How to Try a DIY Milk Bath Soak to Soothe Dry, Itchy Skin

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We'll take any excuse for a bath we can find—especially if a plush soak not only calms our nerves but gives our skin a boost, too. And while colorful bath bombs and exotic bath recipes have gained immense popularity, there's something about a milk bath soak that feels extra enticing (and luxurious). Perhaps, with iconic devotees like Cleopatra herself, it's a milk bath's enduring allure in the beauty sphere that has us captivated—or maybe it's just the promise of soothing and moisturizing benefits that keeps us intrigued. Either way, we reached out to some dermatologists to learn more about milk baths—the benefits, drawbacks, directions, and all. Keep reading to find out what we learned, and for some easy directions on creating a milk bath soak at home.

Ahead, we've tapped some of the nation's top dermatologists to discuss the benefits of milk bath soaks for dry skin and how to DIY your own milk bath recipe.

Benefits of Milk Bath Soaks

According to Dr. Purvisha Patel, a board-certified dermatologist and founder of Visha Skincare, "milk has been used for centuries in bath form for its beauty benefits. It is said that Nefertiti herself bathed in them regularly." According to Patel, the milk itself can help soothe poison ivy and sunburns, soften dead skin, smooth rough skin, and can even moisturize and soothe inflamed skin. Meanwhile, other ingredients like oats (which you can optionally add to your milk bath) have anti-inflammatory properties. It should be noted, however, that sensitive skin can be easily irritated by milk, according to Dr. Melanie Palm, a medical and cosmetic dermatologist at Art of Skin MD in San Diego, CA.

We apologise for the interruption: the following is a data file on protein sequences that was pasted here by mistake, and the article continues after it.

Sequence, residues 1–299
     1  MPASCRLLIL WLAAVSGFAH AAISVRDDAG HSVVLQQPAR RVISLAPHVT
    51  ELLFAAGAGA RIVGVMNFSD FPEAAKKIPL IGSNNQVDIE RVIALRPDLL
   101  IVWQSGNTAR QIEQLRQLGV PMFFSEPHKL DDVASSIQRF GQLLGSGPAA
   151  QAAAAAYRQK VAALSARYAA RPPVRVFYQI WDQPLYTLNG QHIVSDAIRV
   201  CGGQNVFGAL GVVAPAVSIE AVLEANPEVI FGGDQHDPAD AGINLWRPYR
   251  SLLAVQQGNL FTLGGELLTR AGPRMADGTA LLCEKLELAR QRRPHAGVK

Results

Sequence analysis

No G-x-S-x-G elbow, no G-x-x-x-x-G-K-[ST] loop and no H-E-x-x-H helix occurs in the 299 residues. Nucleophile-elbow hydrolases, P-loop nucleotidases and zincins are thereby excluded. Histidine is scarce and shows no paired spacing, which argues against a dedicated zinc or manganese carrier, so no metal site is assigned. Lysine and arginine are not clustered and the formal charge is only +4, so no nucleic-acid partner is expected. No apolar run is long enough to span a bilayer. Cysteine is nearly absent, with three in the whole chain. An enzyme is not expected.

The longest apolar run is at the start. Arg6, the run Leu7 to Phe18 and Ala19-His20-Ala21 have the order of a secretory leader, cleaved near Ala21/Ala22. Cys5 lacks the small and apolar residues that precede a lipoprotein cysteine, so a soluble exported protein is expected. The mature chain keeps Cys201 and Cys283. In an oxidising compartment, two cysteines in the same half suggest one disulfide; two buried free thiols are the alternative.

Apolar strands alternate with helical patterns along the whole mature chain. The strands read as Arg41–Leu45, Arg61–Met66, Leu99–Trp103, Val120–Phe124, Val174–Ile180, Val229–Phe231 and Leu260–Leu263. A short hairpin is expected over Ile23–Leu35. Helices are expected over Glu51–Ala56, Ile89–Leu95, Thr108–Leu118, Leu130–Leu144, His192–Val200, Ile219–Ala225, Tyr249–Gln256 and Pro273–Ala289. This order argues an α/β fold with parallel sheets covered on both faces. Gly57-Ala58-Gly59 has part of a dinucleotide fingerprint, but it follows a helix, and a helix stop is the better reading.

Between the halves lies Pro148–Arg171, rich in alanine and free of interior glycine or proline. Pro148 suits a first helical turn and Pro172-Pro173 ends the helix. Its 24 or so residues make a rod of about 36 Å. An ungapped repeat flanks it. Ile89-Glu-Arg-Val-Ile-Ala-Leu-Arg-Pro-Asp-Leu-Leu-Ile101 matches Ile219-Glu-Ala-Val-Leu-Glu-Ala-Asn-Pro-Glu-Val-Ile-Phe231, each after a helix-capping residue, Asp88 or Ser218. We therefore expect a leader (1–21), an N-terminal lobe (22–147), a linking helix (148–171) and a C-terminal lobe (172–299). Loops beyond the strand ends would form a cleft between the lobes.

"Taking a bath compared to a shower can be more effective at hydrating the skin since there is better replenishment of water soaking in a tub than simply showering," adds Dr. Loretta Ciraldo, a board-certified dermatologist based in Miami, FL with over 40 years experience in dermatology. "When you add in certain types of milk—buttermilk especially or oat milk for the calming benefits of oat—you get greater calming and anti-itch benefits."

Ingredients for a Milk Bath Soak

  • 1-2 cups powdered milk (depending on the size of your tub)
  • Warm water
  • 1 cup oats
  • 1/2 cup oil
  • Essential oils
  • 1 cup Epsom salt

How to Have a Milk Bath Soak

As with any bath, your first step is going to be to fill your tub with water. Ciraldo recommends tepid, or lukewarm, water—both hot and cold water can have drying effects on the skin and are best avoided, she says.

Once you've drawn the bath, toss in one to two cups of the powdered milk of your choice for some much-needed moisturizing effects on your dry and irritated skin. Cow's milk and goat milk are some of the most common options. Many dermatologists recommend whole milk or buttermilk, which contains more lactic acid. The idea is that this may enhance its exfoliating and hydrating effects, leaving your skin feeling softer afterward: "Milk can make your skin feel softer and smoother because fats in the milk cling to the skin," says Dr. Dendy Engelman, a board-certified dermatologist and dermatologic surgeon, as well as a Byrdie Review Board member. "You'll notice a silky, (but not oily) feeling over your skin."

For people who don't use animal products, powdered soy milk, almond milk, or coconut milk can be a good alternative to dairy milk. Oat is another great option.